Republic of the Congo Arts and Culture

Republic of the Congo Arts


Until the nineties of the twentieth century, when the civil war broke out, the country presented a complex folkloric framework, with numerous mixes, especially in urban settlements. The use of fetishes and animistic beliefs were widespread. Among the most authentic representatives of the traditional African world we must remember the bateke, known for their dances. The customs of the northern populations, mainly devoted to fishing, were also very persistent. According to allunitconverters, their traditions were richer than those of the people of the highlands, while the tribal customs condition all the manifestations of the life cycle. In an urban environment there was a recovery of traditional values ​​which was expressed in artistic manifestations; typical is the case of certain painters of the Poto-Poto district (one of the non-European settlements that arose around Brazzaville), who gave life to a school of popular painting, based on a stylized representation. The production of wooden statuettes was also interesting.


There has been a traditional oral literature in Lingala, comprising various types of songs, tales, fables, myths. The literature in French bore its first fruits in the 1950s, when France promoted a policy of cultural assimilation of the elites, who found a forum in the magazine Liaison (1950-59). It is these years the debut of J. Malonga, one of the first Congolese writers, author of Coeur d’Aryenne (1954). Subsequently, nationalism, however, has turned writers towards the research and fixation of the indigenous cultural heritage. The narrative, lucid and harsh, denounces the abuses of postcolonial society. In full bloom in quantity and quality, literary production revealed a strong creative impetus and some characteristic trends. The first is the preference given to the novel; the second is the militancy, more moral and intellectual than ideological, which expands the struggle against expressive power, personalized in a dictator, in a revolt against stupidity and for the freedom of the spirit, using the weapons of sarcasm, irony, of the grotesque farce, of the absurd. Another feature was the deep roots in the country and in the oral tradition. Among the most significant writers we remember GF Tchikaya U’Tamsi (1931-1988), playwright, poet and novelist, one of the highest voices in black Africa (Mauvais Sang, 1954; Le Zulu, 1977; Ces fruits si doux de l’Abre à pain, 1987), S. Bemba (1934-1995; Le soleil est parti à Mpemba, 1982; Léopolis, 1985). During the 1970s, authors destined to conquer international fame appeared on the Congolese literary scene: E. Dongala (b.1941; Un fusil dans la main, un poème dans la poche, 1973; Jazz et le vin del palmes, 1982), JB Tati-Loutard (Les normes du temps, 1974), S. Labou Tansi (1947-1995), prolific author of theater as well as novelist (La vie et demie, 1979; L’anté-peuple, 1983; Le commencement des douleurs, 1995). In the 1980s, numerous female writers also established themselves, mainly addressing poetry and short stories, including F. Hazoume (b.1959), A. Néné, C.-I. Diamoneka and the restless M.-L. Tsibinda, exile since 1999 (Poèmes de la terre, 1980; L’oiseau sans arme, 1999; Moi, Congo ou les rêveurs de la souveraineté (2000), while T. Obenga dominates in the non-fiction field. The theater, in French and Lingala, gained importance after independence, with the creation of the Congolese Theater Association (1963), revealing authors such as G. Menga, who is also a novelist, whose Oracle was performed in Paris in the 1969, and the aforementioned S. Bemba (L’enfer c’est Orféo, 1969; Tarentelle noire et diable blanc, 1975; Qu’est devenu Ignouba le chasseur?, 1990) and GF Tchikaya U’Tamsi, who gave in his plays a highly poetic and nationalistic vision of African history. Other significant authors were F. Mouangassa, PJ Lhono, F. Loubaki, E. Boundzeki Dongela, A. Letembat-Ambili, M. Malinda and M. N’Debeka. Following the bloody events of the 1990s, many writers, such as E. Dongala, were forced to leave the country. Dongala continued to write about the African reality even abroad; his latest novel (Johnny chien méchant, 2002), translated in Italy in 2006 with the title Johnny Mad Dog, which tells the story of a child soldier, was transposed into a film in 2008.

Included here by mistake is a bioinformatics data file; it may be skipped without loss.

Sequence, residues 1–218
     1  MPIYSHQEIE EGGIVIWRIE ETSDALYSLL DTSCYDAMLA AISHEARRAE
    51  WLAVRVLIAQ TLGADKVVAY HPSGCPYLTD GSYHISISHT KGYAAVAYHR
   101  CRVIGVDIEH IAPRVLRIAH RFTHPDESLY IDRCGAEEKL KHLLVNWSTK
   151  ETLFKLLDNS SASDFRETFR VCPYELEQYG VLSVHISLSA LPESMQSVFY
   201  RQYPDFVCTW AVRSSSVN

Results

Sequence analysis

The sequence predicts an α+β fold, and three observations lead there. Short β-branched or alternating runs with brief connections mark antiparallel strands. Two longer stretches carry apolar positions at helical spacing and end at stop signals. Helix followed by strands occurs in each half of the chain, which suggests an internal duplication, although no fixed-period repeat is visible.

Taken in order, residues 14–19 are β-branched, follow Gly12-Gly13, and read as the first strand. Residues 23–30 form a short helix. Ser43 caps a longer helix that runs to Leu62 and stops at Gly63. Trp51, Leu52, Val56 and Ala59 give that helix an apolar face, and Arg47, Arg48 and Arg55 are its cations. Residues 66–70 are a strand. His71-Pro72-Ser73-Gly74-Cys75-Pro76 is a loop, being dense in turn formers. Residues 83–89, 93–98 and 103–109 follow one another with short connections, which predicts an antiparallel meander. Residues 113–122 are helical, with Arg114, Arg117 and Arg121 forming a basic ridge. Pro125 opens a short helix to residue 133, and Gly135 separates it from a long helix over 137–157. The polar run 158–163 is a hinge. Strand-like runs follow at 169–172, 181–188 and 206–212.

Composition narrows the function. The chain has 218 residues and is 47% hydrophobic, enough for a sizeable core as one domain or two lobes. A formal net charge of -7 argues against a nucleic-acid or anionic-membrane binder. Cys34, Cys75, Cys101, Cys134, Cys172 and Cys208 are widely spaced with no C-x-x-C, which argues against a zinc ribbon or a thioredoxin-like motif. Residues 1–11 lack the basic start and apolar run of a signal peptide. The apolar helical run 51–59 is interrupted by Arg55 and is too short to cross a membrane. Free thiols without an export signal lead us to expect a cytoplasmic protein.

The Republic of Congo was clearly dominated by the sculptural production of the fang group, also widespread in Gabon and Equatorial Guinea. The formal solutions of the wooden figurines of ancestors, which dominate the baskets where the bones of the deceased are collected, have largely influenced European artists. Also worth mentioning are the abstractions of the art of the kota and related groups, of which the flat-shaped masks, entirely covered with brass plates, are to be mentioned. Finally, the mysterious white masks, with an orientalizing air, of the Mpongwe of the Ogoué river are interesting, in which, on the human face painted in white, black hair and eyes and red lips stand out.

Republic of the Congo Arts